This is a narration of a true happening. It has taken place in the year 1919 at ‘Yogoda Satsanga Brahmacharya Vidyalay’ at Ranchi in Bihar. This Vidyalay was started by Paramahansa Yogananda with the ideals of right education for youth on a ‘Gurukul’ model.
The following narration is from Paramahansa Yogananda himself:
With 25 fertile acres of land at our disposal, the students, teachers and I enjoyed daily periods of gardening and other outdoor work. We had many pets, including a young deer that was fairly well idolized by children. I, too, loved the fawn – a young deer less than 1 year old – so much that I allowed it to sleep in my room. At the light of dawn the little creature would twaddle over to my bed for a morning caress.
One day, because some business would require my attention in the town of Ranchi, I fed the pet earlier than usual. I told the boys not to feed the fawn until my return. One lad was disobedient and gave it a large quantity of milk. When I came back in the evening, sad news greeted me, The fawn is nearly dead with overfeeding.
In tears, I placed the apparently lifeless pet on my lap. I prayed piteously to God to spare its life. Hours later, the small creature opened its eyes, stood up and walked feebly. The whole school shouted for joy.
But a deep lesson came to me that night, one I can never forget. I stayed up with the fawn until two o clock, when I fell asleep. The deer appeared in a dream, and spoke to me: You are holding me back. Please let me go; let me go!
All right, I answered in the dream.
I awoke immediately, and cried out, Boys, the deer is dying! The children rushed to my side.
I ran to the corner of the room where I had placed the pet. It made a last effort to rise, stumbled toward me, then dropped at my feet, dead.
According to the mass karma that guides and regulates the destinies of animals, the deer life was over, and it was ready to progress to a higher form. But by my deep attachment, which I later realized was selfish, and by my fervent (ie earnest, ardent and glowing) prayers, I had been able to hold it in the limitations of the animal form from which the soul was struggling for release. The soul of the deer made its plea in a dream because, without my loving permission, it either would not or could not go. As soon as I agreed, it departed.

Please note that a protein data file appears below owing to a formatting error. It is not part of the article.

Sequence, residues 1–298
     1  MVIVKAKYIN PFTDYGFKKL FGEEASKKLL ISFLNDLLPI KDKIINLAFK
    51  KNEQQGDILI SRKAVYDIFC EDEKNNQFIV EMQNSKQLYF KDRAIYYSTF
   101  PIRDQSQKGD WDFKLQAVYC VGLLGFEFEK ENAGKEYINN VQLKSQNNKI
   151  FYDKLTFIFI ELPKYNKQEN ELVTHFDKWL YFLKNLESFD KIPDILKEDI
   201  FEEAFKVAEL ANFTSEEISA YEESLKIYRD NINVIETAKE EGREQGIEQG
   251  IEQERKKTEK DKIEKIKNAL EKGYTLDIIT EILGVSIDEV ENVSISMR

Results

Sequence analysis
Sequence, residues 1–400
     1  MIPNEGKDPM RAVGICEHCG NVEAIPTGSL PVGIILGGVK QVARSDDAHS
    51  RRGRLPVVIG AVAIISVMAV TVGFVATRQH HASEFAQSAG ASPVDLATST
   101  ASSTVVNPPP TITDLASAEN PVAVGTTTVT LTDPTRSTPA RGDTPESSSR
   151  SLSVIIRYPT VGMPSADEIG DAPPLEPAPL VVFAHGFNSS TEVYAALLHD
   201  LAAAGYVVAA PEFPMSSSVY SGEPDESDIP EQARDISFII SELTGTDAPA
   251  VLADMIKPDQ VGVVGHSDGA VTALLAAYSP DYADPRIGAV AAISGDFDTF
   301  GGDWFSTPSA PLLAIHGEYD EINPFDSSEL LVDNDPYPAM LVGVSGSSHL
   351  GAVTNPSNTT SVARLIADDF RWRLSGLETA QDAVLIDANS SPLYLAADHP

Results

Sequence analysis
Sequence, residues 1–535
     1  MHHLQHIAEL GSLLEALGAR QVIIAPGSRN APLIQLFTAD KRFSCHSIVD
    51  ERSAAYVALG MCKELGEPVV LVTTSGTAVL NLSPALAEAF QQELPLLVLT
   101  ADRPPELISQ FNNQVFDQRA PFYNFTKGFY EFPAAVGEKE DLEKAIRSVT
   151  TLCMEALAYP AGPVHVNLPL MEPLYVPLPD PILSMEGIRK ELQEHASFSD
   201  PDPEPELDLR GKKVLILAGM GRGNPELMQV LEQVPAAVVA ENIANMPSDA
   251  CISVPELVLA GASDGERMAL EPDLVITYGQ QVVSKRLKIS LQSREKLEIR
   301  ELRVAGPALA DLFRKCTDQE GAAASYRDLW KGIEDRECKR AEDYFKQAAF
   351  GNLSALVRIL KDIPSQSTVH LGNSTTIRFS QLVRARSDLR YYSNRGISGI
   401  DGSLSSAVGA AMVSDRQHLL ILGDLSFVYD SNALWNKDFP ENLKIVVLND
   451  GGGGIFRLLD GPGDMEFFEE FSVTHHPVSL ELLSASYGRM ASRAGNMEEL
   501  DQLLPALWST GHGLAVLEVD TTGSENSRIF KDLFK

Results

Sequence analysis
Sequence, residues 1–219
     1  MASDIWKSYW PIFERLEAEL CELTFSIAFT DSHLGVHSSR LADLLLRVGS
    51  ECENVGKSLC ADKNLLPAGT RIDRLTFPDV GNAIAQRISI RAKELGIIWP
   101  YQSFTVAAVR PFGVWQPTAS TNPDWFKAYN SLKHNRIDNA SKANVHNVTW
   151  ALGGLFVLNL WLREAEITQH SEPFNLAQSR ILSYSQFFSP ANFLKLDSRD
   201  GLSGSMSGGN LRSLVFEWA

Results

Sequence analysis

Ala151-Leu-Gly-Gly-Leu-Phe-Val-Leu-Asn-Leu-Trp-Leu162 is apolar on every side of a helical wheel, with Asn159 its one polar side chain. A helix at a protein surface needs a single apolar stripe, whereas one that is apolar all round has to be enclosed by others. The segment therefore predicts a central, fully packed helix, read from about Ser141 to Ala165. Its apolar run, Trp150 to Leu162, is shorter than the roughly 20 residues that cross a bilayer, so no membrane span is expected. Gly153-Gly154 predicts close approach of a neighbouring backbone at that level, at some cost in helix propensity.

All sorrow left me; I realized anew that God wants His children to love everything as a part of Him, and not to feel delusively (that is, misleadingly) that death ends all. The ignorant person sees only the unsurmountable wall of death, hiding, seemingly forever, his cherished dear relative or friend. However, the yogi – a man of unattachment – he who loves others as expressions of the Cosmic Power, Ishwar – understands that at death the dear ones have only returned for a breathing space of joy in the Omnipresent Ishwar.
This is a hugely illuminating essay. It shows us our weaknesses as human beings of seemingly finite capacity, for we so easily fail to grasp the true nature of Reality and become attached, most especially by love, to that which by its very nature is temporary and subject to the rigors of time, history and death as an inevitable corollary of the condition of humans and all creatures.
In our foolish fondness for Gods creatures, we try to hold them back to share our days without regard to the Divine Plan which has its own omniscient logic whose breathtaking dynamic we humans can never fully comprehend in our state of darkness which consists of attachments to objects or persons, or, in this case, pets, who like us are also subject to the dictates of time, mortality and finitude.
The true Yogi, as Paramahansa Yogananda came to realize through this incident when he tried foolishly and in vain to prolong the life of a loved creature beyond what its own karma and Gods mysterious divine plan allotted, behaves very differently.
It is only when we come to recognize and value the inscrutable logic of the Divine Plan which by a process of karmic progression leads all creatures, at last, to abide with the Supreme Consciousness, the source and spring of our very being, who is Being Itself, that we can truly behave with equanimity in all lifes situations. Once we truly comprehend this in it fullness and glory, then death has no terrors for us, for we have conquered time, history and finitude and accepted the natural progression of all creatures, great and small, towards their eternal home. What right have we to truncate or delay this process? Acceptance with joy is the only response of a true Yogi to the Leela or play of the Lord.